Impact on real estate sales


The Insolvency Act (22/2003) provides for a period during which a bankrupt party can be put into receivership with the goal of redressing the financial balance and enabling the business to continue.

However, in the current financial climate - where a faltering property market affords little chance for developers to claw back their investments and a lack of bank financing is curtailing the opportunities of commercial companies - the reality is that a high number of bankruptcies end in closure and liquidation.

Parliament has thus enacted and approved Act 38/2011, which - according to its preamble - seeks to simplify and speed up bankruptcy proceedings, as poor timing is detrimental to creditors and may impair the value of the bankrupt party's assets.

Impact on real estate sales

The new act will affect the sale of real estate owned by the bankrupt party in two main ways.

First, in general, a bankrupt party's assets still cannot be sold until the court has approved the general agreement between creditors or until the commencement of liquidation, as the case may be. However, the receiver can now dispose of assets:

  • in the course of the bankrupt party's business (eg, to developers);
  • if he or she judges this to be indispensable for the subsistence of the undertaking - this must then be reported to the court;
  • if those assets are not required for the continuation of the business; and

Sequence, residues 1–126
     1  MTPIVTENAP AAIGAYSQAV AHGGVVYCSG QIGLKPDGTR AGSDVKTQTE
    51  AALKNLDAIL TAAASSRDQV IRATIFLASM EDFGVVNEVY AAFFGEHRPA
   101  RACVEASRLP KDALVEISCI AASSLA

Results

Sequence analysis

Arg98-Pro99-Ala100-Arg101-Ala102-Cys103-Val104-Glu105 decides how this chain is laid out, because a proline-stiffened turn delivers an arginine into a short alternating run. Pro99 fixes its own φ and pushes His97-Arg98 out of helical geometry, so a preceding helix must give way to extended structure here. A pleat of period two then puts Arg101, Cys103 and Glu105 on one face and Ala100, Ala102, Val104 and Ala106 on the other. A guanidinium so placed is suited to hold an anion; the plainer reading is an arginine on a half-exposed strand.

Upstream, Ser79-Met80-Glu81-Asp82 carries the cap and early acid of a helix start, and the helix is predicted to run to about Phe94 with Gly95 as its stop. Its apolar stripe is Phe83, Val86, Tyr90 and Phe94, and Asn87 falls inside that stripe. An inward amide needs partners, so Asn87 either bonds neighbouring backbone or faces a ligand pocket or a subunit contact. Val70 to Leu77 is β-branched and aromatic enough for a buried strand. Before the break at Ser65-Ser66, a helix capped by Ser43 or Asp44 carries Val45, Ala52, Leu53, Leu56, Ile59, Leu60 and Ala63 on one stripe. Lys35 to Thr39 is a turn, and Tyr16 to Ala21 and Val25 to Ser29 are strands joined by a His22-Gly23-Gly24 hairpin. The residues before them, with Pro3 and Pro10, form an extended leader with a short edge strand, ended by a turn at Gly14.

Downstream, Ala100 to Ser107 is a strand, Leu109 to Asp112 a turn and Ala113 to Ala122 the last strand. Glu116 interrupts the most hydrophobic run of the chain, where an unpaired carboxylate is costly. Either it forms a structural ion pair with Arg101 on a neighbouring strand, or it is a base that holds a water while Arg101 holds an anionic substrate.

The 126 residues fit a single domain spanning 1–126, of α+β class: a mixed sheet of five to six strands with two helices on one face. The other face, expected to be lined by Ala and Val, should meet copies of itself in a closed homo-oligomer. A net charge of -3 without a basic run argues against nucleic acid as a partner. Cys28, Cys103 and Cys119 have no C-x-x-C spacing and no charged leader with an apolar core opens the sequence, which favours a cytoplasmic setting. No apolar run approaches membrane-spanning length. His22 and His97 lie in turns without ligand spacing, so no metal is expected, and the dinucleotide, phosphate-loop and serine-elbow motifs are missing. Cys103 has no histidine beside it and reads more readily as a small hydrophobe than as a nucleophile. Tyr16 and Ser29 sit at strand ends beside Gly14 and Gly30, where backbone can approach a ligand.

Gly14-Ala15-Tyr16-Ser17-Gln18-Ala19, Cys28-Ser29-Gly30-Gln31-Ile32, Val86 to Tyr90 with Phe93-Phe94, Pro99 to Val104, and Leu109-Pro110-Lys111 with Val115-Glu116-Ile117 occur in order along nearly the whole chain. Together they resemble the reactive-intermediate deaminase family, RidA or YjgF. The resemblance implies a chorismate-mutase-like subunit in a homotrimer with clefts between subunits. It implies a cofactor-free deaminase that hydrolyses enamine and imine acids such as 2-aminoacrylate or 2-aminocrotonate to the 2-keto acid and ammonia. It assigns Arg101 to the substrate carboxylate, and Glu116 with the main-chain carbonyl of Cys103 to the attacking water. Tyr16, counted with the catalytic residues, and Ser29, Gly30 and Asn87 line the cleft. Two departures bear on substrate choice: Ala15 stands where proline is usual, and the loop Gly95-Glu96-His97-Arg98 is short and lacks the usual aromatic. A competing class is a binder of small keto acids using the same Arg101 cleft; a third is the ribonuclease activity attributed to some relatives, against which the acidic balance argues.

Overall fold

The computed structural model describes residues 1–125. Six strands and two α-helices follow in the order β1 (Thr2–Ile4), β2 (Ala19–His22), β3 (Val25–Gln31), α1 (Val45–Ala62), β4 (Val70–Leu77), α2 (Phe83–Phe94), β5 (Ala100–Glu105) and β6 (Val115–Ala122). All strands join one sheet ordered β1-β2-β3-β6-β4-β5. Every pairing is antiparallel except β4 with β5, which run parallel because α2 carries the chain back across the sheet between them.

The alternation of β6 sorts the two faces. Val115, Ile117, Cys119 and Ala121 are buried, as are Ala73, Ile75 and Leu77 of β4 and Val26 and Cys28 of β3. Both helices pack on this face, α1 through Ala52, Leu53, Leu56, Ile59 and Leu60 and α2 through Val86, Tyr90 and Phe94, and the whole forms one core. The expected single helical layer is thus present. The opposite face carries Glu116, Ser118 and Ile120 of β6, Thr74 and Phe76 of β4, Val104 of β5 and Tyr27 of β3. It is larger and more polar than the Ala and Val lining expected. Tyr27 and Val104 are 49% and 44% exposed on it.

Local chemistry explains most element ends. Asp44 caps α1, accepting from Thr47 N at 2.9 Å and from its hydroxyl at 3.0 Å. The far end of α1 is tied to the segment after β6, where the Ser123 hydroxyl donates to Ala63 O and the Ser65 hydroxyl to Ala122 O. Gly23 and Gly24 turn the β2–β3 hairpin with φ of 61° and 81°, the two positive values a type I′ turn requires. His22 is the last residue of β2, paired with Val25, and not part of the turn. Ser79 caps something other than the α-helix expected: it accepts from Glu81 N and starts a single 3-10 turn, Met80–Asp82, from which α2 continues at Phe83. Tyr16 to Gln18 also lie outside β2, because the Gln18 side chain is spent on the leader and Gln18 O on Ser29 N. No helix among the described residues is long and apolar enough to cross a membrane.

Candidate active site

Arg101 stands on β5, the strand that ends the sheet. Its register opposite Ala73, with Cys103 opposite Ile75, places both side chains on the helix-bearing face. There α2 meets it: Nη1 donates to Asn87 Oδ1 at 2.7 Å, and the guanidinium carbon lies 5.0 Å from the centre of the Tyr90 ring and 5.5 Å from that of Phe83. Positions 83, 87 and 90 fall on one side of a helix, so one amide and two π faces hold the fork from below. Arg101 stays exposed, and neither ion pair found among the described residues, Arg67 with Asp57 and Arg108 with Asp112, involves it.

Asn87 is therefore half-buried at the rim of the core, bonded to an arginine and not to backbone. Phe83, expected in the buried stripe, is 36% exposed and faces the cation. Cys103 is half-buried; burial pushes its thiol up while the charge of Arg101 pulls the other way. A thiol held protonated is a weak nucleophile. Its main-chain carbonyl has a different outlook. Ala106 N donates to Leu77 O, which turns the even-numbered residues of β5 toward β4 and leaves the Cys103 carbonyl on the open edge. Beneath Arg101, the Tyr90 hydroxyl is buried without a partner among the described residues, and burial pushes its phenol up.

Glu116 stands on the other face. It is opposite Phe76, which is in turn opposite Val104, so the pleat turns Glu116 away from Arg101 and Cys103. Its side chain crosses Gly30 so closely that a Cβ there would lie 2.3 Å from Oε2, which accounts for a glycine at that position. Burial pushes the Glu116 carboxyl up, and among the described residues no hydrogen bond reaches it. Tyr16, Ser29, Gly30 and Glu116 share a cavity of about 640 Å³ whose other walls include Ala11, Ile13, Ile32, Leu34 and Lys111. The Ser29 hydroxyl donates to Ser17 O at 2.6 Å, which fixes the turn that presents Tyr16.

• if the offer substantially matches the assets' value as inventoried in the receivership report. When dealing with real estate, 'substantially' means within at least 20% of the inventoried value. If the offer is 20% lower than the inventoried value, the law provides for a waiting period of 10 days during which any third party can submit a better competing offer.

Second, certain parts of a bankrupt party's real estate might be subject to 'special privileges', such as mortgages or other security or liens, which give preferred creditors the right to collect their claim from the proceeds of sale of the real estate. In this case, the previous law stipulated that the court could approve the sale if the purchaser agreed to have the mortgage, lien or security subsist and subrogate in the underlying claim, thus releasing the bankrupt party.

The previous law also stated that the sale should take place by way of public auction, unless an offer was made for at least the value initially agreed by the bankrupt party and the creditor, and payment was made upfront.

The new law now allows the bankrupt party and the preferred creditor the option to consent to a lower offer, provided that it matches the market value of the real estate as appraised by an officially certified appraisal agency. The law also provides for a waiting period of 10 days during which any third party can submit a better offer, prior to court approval.


The amendment to the Insolvency Act lifts certain barriers to the sale of real estate in two ways:

  • by relaxing the requirements that prevented receivers from selling real estate alone, without court approval; and
  • by allowing for the sale of property subject to special privileges (the vast majority of such property) at a price lower than that agreed when the relevant security was created, provided that it matches the market value.

The new law counterbalances these more relaxed requirements with a waiting period for the submission of competing offers, thus avoiding the formalities connected to a public auction while contuining to respect the principle.

For further information on this topic please contact José Antonio Pérez Breva at Garrigues by telephone (+34 93 253 3700), fax (+34 93 253 3750) or email ([email protected]).